A great day trip from Kyoto is to Nagahama and it’s even better if you can time it to be there on the 15th of April for the annual Nagahama Hikiyama festival (matsuri). It’s a float festival where Kabuki theatre is played out by local boys aged between 5 and 12. Kabuki is traditionally only acted by men (boys) and this festival is no different, even the female roles are played by the boys.
We’d expected a schoolyard performance but the whole event was extremely professional, the floats meticulously maintained and the boys took it all very seriously with no scripts or prompting. I was so impressed, their parents and the town of Nagahama should be so proud of their efforts and ability.
The show is held in the Nagahama Hachiman Shrine in the morning. Following that, throughout the day the floats are pulled through the narrow streets stopping in various spots for the show to continue on. The Hachiman-gu shrine has a history that goes back over 1000 years old and the festival itself has its own history linked to Toyotomi Hideyoshi. Japans second great unifier.
Hideyoshi is said to have presented the gold dust that decorates the 12 festival floats to the people of the castle town as part of a celebration. The floats are extremely ornate with detailed carving, tapestry and gold leaf work. There is a museum in town where you can see some of the floats on display during the rest of the year but seeing them out in use during the festival was fantastic. If you can’t make it to this one it’s well worth getting to at least one festival in Japan where the floats are pulled through the streets, it takes some serious teamwork and strength.
The Kabuki itself is of course all in Japanese but you almost forget that as you watch the show. The atmosphere, costumes, opulence of the floats and acting made it well worth taking the trip even without understanding a word of what was going on.
One of the things I like best about this festival is that Nagahama is off the major tourist circuit so even during the festival we only saw a handful of other western visitors in town. This means that the locals engage with you a lot more, which is a fun part of travelling in another country even when the language barrier limits the depth of the conversation.
I guess because it was a little unusual I also got singled out by a couple of determined Japanese gentlemen with expensive camera equipment who asked my husbands permission to photograph me against the backdrop of the town. It was funny but a little awkward, I’m gawky in front of the camera at the best of times, I like to be the one with control of the shutter.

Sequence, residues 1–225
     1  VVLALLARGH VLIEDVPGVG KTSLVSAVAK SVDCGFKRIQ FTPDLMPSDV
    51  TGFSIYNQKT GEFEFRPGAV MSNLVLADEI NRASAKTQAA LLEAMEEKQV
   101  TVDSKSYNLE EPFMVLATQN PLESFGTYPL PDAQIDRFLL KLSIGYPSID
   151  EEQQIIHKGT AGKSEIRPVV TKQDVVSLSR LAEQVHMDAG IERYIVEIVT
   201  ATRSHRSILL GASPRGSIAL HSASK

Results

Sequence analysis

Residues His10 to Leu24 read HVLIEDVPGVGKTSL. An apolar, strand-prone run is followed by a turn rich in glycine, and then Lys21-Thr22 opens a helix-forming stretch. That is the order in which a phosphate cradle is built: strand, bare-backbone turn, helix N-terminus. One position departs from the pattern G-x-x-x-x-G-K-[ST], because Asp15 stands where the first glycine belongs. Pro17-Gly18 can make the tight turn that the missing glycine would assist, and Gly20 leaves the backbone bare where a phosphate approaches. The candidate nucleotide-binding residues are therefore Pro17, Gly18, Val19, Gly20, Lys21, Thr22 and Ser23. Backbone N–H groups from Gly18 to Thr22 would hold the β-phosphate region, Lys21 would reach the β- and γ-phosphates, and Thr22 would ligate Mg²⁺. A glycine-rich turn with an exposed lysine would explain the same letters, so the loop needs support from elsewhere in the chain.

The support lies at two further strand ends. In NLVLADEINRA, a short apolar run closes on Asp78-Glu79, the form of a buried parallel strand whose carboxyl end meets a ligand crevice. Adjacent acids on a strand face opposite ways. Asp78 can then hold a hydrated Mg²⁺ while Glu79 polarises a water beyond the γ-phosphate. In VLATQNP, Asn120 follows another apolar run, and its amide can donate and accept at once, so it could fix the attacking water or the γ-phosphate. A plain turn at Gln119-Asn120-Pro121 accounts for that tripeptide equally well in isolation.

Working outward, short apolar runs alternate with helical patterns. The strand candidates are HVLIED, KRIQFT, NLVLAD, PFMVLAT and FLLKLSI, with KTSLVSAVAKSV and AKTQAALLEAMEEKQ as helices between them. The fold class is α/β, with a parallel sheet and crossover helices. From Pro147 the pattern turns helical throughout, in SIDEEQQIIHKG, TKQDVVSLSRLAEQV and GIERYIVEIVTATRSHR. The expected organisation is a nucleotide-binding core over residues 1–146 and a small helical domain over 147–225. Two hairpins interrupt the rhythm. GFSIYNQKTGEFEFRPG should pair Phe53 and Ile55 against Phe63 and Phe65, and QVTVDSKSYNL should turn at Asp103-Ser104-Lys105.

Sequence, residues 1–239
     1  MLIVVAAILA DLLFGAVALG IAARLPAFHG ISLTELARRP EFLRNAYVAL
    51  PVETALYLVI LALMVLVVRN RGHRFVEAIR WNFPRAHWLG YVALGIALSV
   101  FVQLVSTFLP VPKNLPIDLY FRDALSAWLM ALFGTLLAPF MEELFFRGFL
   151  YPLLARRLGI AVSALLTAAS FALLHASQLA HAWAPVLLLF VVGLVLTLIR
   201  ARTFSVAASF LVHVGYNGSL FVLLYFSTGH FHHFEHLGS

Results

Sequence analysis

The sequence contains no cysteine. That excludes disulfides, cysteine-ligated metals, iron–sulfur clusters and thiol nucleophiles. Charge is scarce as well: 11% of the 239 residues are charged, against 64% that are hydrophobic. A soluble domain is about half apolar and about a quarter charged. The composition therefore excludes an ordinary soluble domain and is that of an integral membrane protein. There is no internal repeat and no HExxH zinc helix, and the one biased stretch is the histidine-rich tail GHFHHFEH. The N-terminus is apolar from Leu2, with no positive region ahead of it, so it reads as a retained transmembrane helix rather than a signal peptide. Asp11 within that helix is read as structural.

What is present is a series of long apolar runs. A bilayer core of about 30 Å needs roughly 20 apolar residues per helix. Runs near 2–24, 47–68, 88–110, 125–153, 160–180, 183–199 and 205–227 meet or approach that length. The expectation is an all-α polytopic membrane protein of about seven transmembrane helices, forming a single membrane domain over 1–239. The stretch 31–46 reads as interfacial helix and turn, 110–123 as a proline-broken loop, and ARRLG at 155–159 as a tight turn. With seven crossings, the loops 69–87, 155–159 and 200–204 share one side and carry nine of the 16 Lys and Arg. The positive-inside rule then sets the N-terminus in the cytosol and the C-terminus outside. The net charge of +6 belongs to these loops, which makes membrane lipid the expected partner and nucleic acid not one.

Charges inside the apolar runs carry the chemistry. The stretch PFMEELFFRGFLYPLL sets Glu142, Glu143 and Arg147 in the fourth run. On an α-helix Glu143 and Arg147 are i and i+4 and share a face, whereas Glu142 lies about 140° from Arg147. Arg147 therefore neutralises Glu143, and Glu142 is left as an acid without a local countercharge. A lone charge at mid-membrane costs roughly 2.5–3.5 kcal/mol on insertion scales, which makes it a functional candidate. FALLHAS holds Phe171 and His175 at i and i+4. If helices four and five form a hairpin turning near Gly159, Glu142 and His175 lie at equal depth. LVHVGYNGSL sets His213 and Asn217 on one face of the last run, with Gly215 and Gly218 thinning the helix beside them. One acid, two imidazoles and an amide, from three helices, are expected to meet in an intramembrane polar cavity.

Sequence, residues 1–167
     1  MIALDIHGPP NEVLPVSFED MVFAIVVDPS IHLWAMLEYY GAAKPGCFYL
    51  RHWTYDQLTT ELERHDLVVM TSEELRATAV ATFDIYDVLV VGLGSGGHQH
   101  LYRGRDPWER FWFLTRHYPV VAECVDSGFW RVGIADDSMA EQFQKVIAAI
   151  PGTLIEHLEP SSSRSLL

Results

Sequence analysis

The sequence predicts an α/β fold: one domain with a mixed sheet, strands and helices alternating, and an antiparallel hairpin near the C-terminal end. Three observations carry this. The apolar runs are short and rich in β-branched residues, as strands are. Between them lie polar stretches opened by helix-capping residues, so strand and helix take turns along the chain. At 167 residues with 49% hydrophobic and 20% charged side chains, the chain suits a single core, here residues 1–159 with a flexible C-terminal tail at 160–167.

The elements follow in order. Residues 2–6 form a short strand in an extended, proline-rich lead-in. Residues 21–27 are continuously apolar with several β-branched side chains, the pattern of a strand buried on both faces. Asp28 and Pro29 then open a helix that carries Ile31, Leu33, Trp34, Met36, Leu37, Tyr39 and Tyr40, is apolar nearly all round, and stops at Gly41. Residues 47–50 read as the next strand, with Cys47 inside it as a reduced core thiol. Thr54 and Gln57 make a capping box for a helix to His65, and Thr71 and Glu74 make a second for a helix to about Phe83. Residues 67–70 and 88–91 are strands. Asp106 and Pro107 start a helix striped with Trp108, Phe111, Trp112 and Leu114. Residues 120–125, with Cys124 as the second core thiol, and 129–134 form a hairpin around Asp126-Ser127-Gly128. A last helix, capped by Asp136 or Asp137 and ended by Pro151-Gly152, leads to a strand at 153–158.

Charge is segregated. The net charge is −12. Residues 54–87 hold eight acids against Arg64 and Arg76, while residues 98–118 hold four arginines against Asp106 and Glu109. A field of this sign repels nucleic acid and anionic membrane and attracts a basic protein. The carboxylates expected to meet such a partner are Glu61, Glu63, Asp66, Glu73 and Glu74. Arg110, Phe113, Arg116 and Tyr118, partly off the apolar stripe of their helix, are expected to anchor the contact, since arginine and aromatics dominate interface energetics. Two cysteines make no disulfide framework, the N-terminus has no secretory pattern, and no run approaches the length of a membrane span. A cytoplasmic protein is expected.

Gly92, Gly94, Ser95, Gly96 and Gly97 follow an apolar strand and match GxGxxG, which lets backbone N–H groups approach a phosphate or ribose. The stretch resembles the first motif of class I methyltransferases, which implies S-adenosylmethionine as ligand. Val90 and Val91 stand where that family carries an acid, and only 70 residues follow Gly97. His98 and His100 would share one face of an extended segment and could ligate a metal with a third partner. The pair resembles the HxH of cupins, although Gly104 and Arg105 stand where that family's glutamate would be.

Nagahama is a really pretty town and famous for its glasswork, while you are in town wander through Kurokabe square and take a look at the small shops and temples. A traditional meal here is served in a hotpot style, many of the local restaurants seemed to offer it and it was flavoursome and warming, even in spring it can be a bit chilly.
Back out the other side of the train station towards lake Biwa is the castle and park. Cherry blossoms are a feature in season and while the castle is a replica it’s a great backdrop to the blossom and hanami parties that were going on.
The celebrations were quite a bit more casual here which I guess is typical of a small town anywhere, we particularly enjoyed the smaller children running around and playing with the fallen blossom while the teenagers had a sing-a-long under the trees.
Nagahama is about 75 kilometres out of Kyoto on the eastern side of Lake Biwa. If you have a JR Pass or are willing to take the Shinkansen combined with a local train it will take about 45 minutes, alternatively, take a combination of the special rapid and local train and it will take about an hour and 10 minutes.
The scenery of the lake and passing through rural towns is really beautiful. When we went in wintertime there was quite a bit of snow on the ground as we passed through making it look like a perfect picture postcard. It’s worth remembering you are travelling directly inland towards the centre of the country so it is significantly cooler, where areas like Kyoto, Osaka and Tokyo rarely get snow, in Nagahama in February the paths were kept clear but there was snow on the ground and piled at the side of the path.
If you go to the festival in spring however the weather will be mild and it should coincide with some good cherry blossoms in the parks.
Have you been to a festival in Japan? What did you enjoy most about it?